Before going to our conclusion, two clarifications are needed if we are not to be misunderstood. First, Just because a law is unnecessary, or harmful, is never sufficient reason for ostentatiously breaking it – nor for trying to bring down whatever government imposed it. Every legal system that ever existed has contained laws most of us would think bad, and by which it might even be said to have failed our test of what is and what not proper grounds of coercion. Our own statute book is certainly very blemished. Look at the trade tariffs and gun control laws. Look at the laws against taking or dealing in addictive drugs, or the restrictions on shop opening hours. All these are arguably superfluous, and should probably be repealed. Nor, believing them improper beyond all common doubt, have we any strict obligation to obey such commands – which we may privately ignore as often as suits our pleasure. But to say aloud to everyone that a bad law may lightly be broken is something else entirely. To make a cult of civil disobedience as a whole section of our political class appears to have done – is often only slightly less than preaching rebellion. It opens the way to a contempt of law in general, and by those least able to tell what is bad from what merely inconvenient. This is not to condemn all resistance – certainly not in cases of open tyranny. But, recalling what its effects most usually are, it remains that, no matter what their deeds or policy might be, active resistance to the authorities should normally be the very last option of the ruled. This is most obviously true in England, where, despite a century of misgovernment, we can still call think our laws and institutions on the whole sound, and can still agree to accept specific blemishes pending reform. It applies with equal force, however, abroad. For, on our principle stated and explained above, in this less than perfect world to claim the Divine Sanction, a society need only enjoy the greatest degree of freedom possible, whatever more of it could be thought desirable. And so, to any reasonable man who may consider the overthrow of a bad government, the proper question is not – as the modern intellectual might occasionally pause to ask – whether he really will be assaulting some unbearable tyranny, but to what extent his acting will result in any better state of affairs. So, even by European standards, the reign of James II was quite respectably humane; yet, in seeing him go, the Whigs allowed England, if only for a while, to reach a state of freedom never before known. And that was the glory and justification of our Revolution. The Russians are not so lucky. Their existing government, admittedly, is so bad that it might once, in better days, have staggered belief. But would overthrowing it lead to anything better than renewed civil war, ending in the rule of a despot worse even than Mr Gorbachev? Probably not. Much the same might be argued of South Africa and most of the other countries certain foolish people enjoy being seen to condemn.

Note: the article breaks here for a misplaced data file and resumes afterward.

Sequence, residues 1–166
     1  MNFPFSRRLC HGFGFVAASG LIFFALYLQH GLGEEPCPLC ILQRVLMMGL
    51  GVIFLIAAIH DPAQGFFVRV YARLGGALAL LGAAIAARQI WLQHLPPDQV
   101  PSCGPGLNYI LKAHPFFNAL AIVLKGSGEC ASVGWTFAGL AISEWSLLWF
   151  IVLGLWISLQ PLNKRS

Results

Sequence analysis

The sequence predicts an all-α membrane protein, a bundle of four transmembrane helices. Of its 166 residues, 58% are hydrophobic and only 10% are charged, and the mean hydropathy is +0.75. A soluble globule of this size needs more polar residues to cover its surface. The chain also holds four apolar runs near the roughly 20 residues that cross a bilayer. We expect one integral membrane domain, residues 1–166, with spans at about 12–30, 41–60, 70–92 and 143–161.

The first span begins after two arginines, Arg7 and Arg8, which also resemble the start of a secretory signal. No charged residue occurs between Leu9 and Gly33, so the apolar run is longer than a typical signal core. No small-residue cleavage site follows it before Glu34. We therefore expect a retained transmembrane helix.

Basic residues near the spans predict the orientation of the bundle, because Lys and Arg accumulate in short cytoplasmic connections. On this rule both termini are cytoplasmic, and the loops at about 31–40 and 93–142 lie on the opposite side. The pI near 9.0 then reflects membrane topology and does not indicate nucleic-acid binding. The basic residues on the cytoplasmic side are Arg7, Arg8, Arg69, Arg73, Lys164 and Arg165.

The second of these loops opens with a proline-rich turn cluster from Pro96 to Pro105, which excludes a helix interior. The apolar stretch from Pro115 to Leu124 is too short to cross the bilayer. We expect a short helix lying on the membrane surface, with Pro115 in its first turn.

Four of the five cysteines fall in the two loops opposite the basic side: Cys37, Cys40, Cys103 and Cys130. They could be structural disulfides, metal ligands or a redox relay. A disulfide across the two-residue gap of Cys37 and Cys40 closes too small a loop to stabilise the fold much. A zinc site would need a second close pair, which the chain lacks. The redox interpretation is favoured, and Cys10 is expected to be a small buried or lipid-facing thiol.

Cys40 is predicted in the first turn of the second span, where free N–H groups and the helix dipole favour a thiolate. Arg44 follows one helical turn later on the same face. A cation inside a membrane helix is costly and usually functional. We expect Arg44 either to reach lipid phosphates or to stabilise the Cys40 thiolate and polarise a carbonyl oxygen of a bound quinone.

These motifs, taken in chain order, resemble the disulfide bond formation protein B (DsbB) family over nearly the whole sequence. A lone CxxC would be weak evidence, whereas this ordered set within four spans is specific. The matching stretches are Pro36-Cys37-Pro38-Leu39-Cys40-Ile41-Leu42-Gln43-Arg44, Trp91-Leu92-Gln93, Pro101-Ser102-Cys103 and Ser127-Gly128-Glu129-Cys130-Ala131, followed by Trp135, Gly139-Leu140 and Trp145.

We turn to our second clarification. From what we have so far said, it may seem as though a disturbing paradox has been raised. Going on from our assumptions, we conclude that the most perfectly Christian society could also be the most ungodly. There need be within it no public care whatever for the poor, the old or the sick everything being left to private initiative and charity. At the same time, its laws might allow almost absolute free expression to the individual – not hindering even the wildest extremes of perverted sex. The only acts to be prevented are those directly harmful to its continuing existence. Yet to suppose from this that every Christian need automatically be a liberal is to miss the point of our main argument. For liberalism and Christianity are by no means identical doctrines. Relying on contingent theories of social and economic behaviour, the liberals actively maintain that government is at least largely unnecessary, and that private property and contract are the main regulators of a viable way of life. They see as the highest good the promotion of individual happiness on Earth, however this may be defined. A Christian, as such, can do no such thing, but only desire the minimum possible of coercive authority – the exact content of that minimum being a matter of further enquiry in which secular bias has no place. He may find that a liberal society can exist with reasonable stability over time. It may be dominated by material interests, or wretchedly poor. Those living in it might easily be imagined so miserable that only the most intrepid liberal could decline to rethink his views. Assuming it can exist, though, it must be acknowledged the most Christian, and liberalism therefore the doctrine most pleasing to God, On the other hand, it takes little effort to conceive the opposite, that society has no prospect of survival without detailed control by the state – even requiring utter suppression of all contrary opinion. In giving us free will, after all, God is assumed to have suspended part of His Dominion over us. It therefore involves no contradiction or blasphemy to believe we have become so corrupted as to nullify all those principles of our nature in which the liberals place such faith and by which He may originally have wished us to live. In which case, the Christian may quite properly be as tory or socialist as conditions of the world might seem to require.